Several aspects of EU priority recommendations implemented
The EU Experts, Chief of Mission and Member of the European Parliament, Javier Nart (centre), Team Leader-Electoral Analyst, Alexander Matus (right) and Legal Expert, Anne Malborough (Adrian Narine photo)
The EU Experts, Chief of Mission and Member of the European Parliament, Javier Nart (centre), Team Leader-Electoral Analyst, Alexander Matus (right) and Legal Expert, Anne Malborough (Adrian Narine photo)

AMENDMENTS to Representation of the People Act (ROPA), the National Registration Act, and the tabling of the Data Protection Bill have represented significant work on some of the critical priority areas in the electoral reform recommendations that was made in the Final Report by the European Observation Mission that appraised Guyana’s 2020 Regional and General Elections.
However, much work remains to be done on campaign financing limitations and disclosure, use of state assets, and equity in the state media coverage.

This is according to a group of electoral experts from the European Union (EU) currently in Guyana assessing progress made on the 26 recommendations made in the Final Report.
Chief of Mission of the group is a member of the European Parliament, Javier Nart, while the team also includes Team Leader-Electoral Analyst, Alexander Matus and Legal Expert, Anne Malborough.

Speaking at a press conference on Wednesday at the Pegasus Suites and Corporate Centre, Matus noted that, by early July, the delegation is expected to publish a detailed final report on their assessment of the progress made on implementing the 26 recommendations. However, he was keen to note that some of the recommendations cannot be implemented at this time.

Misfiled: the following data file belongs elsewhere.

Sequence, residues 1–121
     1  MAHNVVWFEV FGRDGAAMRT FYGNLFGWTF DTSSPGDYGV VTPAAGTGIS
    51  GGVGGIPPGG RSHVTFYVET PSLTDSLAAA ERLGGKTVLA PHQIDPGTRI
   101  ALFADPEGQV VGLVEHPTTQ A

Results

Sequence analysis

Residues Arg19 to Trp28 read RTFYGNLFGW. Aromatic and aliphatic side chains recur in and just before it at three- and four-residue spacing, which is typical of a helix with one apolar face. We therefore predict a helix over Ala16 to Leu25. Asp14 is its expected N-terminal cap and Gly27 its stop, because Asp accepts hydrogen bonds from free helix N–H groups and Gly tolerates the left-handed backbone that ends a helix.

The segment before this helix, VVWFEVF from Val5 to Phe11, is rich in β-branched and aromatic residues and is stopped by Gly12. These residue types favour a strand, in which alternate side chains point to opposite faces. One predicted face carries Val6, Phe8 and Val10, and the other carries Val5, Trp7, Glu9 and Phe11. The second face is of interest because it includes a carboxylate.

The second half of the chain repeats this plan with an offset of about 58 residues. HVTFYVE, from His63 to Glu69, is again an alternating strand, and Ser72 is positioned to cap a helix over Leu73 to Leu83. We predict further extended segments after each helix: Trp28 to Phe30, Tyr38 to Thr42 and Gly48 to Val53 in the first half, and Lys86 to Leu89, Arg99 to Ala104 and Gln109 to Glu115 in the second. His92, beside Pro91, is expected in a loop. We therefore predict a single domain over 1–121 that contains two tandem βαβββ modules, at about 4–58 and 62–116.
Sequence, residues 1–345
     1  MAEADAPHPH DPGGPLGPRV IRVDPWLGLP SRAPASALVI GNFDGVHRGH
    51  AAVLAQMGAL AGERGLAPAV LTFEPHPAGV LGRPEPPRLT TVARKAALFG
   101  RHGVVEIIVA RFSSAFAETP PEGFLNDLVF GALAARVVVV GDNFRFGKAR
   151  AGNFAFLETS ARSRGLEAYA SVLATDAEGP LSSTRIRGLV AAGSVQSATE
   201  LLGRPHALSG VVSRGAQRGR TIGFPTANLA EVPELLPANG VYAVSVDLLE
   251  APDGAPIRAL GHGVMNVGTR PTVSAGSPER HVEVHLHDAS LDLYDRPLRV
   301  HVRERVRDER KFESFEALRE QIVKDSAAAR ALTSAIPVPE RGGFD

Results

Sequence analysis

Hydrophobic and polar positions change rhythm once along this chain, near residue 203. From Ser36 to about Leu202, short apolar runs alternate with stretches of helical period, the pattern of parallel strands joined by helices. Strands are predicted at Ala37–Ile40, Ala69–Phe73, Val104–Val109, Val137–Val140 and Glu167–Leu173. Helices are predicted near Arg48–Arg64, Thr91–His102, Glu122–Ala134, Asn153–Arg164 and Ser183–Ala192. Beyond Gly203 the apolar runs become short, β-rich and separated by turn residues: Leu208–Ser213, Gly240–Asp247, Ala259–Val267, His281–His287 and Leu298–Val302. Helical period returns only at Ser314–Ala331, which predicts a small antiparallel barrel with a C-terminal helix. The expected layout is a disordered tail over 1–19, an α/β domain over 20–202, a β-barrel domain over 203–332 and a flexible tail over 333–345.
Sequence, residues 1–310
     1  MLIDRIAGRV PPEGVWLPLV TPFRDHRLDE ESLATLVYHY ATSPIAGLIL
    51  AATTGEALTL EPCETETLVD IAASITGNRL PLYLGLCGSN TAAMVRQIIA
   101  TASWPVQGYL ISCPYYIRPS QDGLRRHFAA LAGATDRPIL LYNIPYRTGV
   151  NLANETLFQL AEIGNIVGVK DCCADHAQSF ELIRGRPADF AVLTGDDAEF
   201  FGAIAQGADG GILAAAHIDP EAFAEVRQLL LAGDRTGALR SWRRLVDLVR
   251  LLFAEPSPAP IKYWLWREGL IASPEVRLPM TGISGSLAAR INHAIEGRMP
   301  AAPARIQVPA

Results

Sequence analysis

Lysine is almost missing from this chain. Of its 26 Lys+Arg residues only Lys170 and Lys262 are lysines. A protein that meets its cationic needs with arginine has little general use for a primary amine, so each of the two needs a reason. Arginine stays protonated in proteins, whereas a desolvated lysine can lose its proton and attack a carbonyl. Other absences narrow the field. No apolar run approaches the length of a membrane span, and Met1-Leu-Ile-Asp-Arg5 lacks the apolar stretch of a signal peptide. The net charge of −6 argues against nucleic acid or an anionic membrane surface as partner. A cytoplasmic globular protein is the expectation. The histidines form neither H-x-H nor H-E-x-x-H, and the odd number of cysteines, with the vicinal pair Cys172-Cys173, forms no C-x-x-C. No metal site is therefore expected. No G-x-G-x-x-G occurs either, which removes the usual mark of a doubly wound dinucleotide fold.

“The mission will publish the final report in about one month’s time [after completing the assessment]. In the final report, we will have a detailed assessment of all 26 recommendations, which will be categorised into several categories such as ‘fully implemented’, ‘partially implemented’, ‘activity ongoing’, there would be another category for ‘too early in the elections cycle to determine’ because there are some recommendations which can only be assessed shortly before elections period itself. You cannot assess it at such an early time,” Matus related.

Of the 26 recommendations listed in the 2020 final report, eight were classified as priority areas. Of these eight, significant progress has been made in four of the areas, with two being fully implemented through provisions in amendments made last year to ROPA and the NRA.
“One dealt with the clear tabulation. This has been taken care of by one of the provisions in the ROPA [which outlines] very clear written procedures on how to tabulate the results of the elections from step one to the final announcement of the results,” Matus related.

“Second priority recommendation called for increased transparency in the result process, namely to publish the Statement of Polls as soon as possible on GEOCM website, which has also been addressed because the new law requires the Returning Officers to immediately on receipt of the SOPs make them publicly available on the GECOM website. These are two priority recommendations which are addressed in full.”

Other recommendations which have been partially addressed include increasing the continuous voter registration aspect.
“This is being addressed by the National Registration Amendment Act which extends the period during which people can register for the first time or make changes. According to the new provision, GECOM offices are open to the public ten months per year,” Matus said.